She shook her head and gazed at a pair of rhinestone shoes displayed in a shop window. Imagine dancing in them! Too bad her father wouldn't allow her to wear them to her ball. He'd say they were too garish. A pair of peau de soie Mary Janes would suffice — at six feet, she towered over most folks already. Clair used to be able to talk her father into anything, but recently he had become downright particular, even grumpy. She had no idea why.
As she spun into Macy's through the revolving door, the store exploded with a plethora of color. She passed a perfume display, lace handkerchiefs in a glass case, and umbrellas in a stand. Hopefully, the department store would have some gloves that fit. Her ball was coming up fast, and neither Bergdorf nor Saks had ones large enough.
A snooty saleswoman at Saks had peered down at Clair's large hands and sniffed. "Try Macy's." Clair held back embarrassed tears. She tapped her fingers across her thighs, playing an imaginary keyboard. She had to look her best on her special night.
She studied the candy display, filled with lemon drops, peppermints, and licorice. Aunt June used to bring her here and let her pick a sweet. Clair always chose her favorite nonpareils, chocolate circles coated with white sprinkles, and ate each of them a different way.
The first one she'd crunch and chew for an immediate burst of pleasure. The next she would hold in her mouth, making it last as long as possible. Once she even held a piece in her palm until it melted, made sure no one was watching, and licked it off. She wasn't a naughty girl, but she couldn't help herself.
Things were much easier then. The only decisions she had to make were which candies to choose. But she was no longer a child. Soon she would be a part of society, so she had to play the part of a perfect young lady.
"Miss, may I help you?" The man behind the counter broke her reverie. She couldn't resist buying a bag of nonpareils and nibbled on one as she wandered toward the back of the store.
A short, round salesgirl approached her. "That looks delicious!"
Taken aback, Clair held out the bag. "Want one?"
"I couldn't." The blonde's curls bounced as she shook her head. "Well, maybe one." She took a candy from the bag, popped it in her mouth, and held it closed as her Wedgwood-blue eyes lit up. "Mmm."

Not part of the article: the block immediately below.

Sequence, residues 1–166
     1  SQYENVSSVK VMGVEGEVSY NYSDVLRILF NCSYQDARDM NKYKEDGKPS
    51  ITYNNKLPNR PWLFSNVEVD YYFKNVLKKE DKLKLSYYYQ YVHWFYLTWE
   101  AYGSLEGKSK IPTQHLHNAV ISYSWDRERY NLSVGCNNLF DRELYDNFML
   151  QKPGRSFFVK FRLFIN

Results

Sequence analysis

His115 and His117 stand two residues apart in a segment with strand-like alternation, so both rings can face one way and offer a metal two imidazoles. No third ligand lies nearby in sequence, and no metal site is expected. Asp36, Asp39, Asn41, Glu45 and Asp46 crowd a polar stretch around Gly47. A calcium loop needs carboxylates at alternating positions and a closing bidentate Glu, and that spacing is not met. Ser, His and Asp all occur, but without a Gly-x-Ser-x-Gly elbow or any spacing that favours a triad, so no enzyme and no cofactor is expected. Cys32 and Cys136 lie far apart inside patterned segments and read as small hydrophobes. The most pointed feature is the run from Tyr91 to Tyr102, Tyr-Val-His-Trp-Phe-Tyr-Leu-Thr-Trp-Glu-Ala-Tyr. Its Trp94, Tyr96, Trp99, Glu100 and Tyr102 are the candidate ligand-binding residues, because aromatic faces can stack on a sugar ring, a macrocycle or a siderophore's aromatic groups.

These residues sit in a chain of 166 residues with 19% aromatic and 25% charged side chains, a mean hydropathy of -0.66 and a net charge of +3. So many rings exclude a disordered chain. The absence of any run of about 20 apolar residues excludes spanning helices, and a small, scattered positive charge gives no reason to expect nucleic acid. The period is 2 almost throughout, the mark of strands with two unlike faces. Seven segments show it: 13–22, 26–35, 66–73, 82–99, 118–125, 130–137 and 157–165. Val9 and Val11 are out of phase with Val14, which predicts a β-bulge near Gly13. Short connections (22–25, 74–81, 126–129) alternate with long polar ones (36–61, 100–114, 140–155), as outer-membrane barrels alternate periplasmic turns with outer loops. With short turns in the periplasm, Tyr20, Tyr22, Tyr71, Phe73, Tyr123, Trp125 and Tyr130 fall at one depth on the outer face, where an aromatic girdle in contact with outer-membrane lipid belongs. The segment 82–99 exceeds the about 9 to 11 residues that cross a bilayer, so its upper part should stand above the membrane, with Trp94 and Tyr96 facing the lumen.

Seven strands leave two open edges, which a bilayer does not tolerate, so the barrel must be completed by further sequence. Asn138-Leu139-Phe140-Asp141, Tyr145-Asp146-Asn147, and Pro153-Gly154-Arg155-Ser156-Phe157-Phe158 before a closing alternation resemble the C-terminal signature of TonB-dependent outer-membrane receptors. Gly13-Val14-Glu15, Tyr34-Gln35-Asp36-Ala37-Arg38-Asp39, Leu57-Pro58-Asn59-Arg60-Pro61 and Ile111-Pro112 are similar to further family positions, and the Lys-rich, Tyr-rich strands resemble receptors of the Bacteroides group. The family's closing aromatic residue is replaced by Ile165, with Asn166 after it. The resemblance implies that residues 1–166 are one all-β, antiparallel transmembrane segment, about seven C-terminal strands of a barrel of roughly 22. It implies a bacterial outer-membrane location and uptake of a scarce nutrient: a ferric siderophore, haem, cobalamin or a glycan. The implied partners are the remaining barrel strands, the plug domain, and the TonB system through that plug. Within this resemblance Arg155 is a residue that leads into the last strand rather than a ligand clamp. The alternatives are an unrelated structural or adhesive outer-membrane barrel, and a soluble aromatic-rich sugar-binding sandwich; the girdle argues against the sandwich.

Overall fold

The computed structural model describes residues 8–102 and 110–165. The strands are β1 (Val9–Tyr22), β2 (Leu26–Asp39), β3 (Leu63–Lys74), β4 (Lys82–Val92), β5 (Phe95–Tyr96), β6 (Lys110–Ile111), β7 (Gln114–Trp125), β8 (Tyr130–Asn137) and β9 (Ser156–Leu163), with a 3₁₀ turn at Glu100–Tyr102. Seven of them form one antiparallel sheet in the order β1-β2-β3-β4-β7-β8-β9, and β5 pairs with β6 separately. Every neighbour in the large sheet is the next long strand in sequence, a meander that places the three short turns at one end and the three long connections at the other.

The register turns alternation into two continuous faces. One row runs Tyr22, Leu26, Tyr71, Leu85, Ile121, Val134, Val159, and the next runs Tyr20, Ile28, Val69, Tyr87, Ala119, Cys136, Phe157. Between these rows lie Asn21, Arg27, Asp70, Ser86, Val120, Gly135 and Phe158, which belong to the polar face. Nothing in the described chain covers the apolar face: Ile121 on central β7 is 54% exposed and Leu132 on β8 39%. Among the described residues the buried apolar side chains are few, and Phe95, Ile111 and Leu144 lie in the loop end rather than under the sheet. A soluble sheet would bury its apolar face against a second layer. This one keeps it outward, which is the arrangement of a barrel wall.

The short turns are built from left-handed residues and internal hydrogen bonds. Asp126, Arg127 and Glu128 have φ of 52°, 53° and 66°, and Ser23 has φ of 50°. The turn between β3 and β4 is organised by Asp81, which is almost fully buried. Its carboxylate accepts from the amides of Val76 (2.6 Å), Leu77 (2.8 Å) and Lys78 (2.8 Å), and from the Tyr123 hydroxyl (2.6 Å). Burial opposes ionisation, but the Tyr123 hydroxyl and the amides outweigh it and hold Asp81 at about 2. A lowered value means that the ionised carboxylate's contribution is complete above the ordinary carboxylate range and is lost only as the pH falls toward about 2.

She must be the savor in your mouth as long as possible type.
No, the girl chewed and swallowed. "My favorite!"
"Mine, too." Clair smiled.
The girl eyed her. "Nice hat. I could make one bigger to fit over your hair better."
Clair didn't know how to respond. "Where would I find the gloves?"
"I'll show you!" The girl swayed across the store to a long cabinet against the wall. "Cream or white?"
She pulled out a long drawer, set it on a nearby table, and held a pair of gloves to Clair's raised hand. "Much too small." The girl shook her head.
Clair sensed her face turning red. She had heard that so many times before.
"What lovely long fingers you have!" The girl took Clair's raised hand. "They fit your body so well. Sometimes a person's hands will be really small, and their bodies look too big for them. Sometimes it's the opposite — too big of hands on a small body." She looked Clair up and down. "But your hands suit you just right."
"Thank you." Clair had never thought of it that way.
"My gloves are short and wide. See, short hands. Short body."
The girl wiggled her fingers and drew her hand down toward the ground.
Clair smiled. "Interesting."
The girl returned to the drawer and rummaged through it, making an absolute mess. She handed another pair of gloves to Clair. "These should do."
The rich cream color would match her pearls exactly. Clair slipped the gloves on and ran the smooth texture along her cheek. "Satin." She easily pulled them up to her elbows.
The girl rubbed Clair's fingers to check for size. "Perfect. They fit like gloves." The girl giggled. "Isn't that funny? They are gloves!" Clair laughed, too. They were so comfortable she hated to take them off.
"Where are you going to wear them?" the girl asked.
"My coming-out ball."
"How exciting! Your own ball." She gazed at Clair as if she were a princess.
A man approached them, and the salesgirl stood erect. "Hello, Mr. Smithers."
"Winifred." He nodded through his wire-rimmed glasses, owlish eyes magnified.
Clair swallowed and smiled at him. She'd hate for Winifred to get into trouble.
Winifred waited a few seconds until he walked away. "That's the manager," she whispered. "He's told us not to fraternize with the customers."
"Your name is Winifred?" What a stuffy old lady's name, it didn't fit her.
"Yes, god-awful, isn't it? My friends call me Winnie."